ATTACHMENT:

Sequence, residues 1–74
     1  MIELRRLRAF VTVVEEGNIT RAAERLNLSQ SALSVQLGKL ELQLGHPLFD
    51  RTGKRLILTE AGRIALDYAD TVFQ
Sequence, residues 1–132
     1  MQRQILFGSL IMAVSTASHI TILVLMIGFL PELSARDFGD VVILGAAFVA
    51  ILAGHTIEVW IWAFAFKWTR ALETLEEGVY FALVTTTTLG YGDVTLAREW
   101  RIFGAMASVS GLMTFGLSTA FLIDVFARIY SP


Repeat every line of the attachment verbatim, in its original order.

Sequence, residues 1–74
     1  MIELRRLRAF VTVVEEGNIT RAAERLNLSQ SALSVQLGKL ELQLGHPLFD
    51  RTGKRLILTE AGRIALDYAD TVFQ
Sequence, residues 1–132
     1  MQRQILFGSL IMAVSTASHI TILVLMIGFL PELSARDFGD VVILGAAFVA
    51  ILAGHTIEVW IWAFAFKWTR ALETLEEGVY FALVTTTTLG YGDVTLAREW
   101  RIFGAMASVS GLMTFGLSTA FLIDVFARIY SP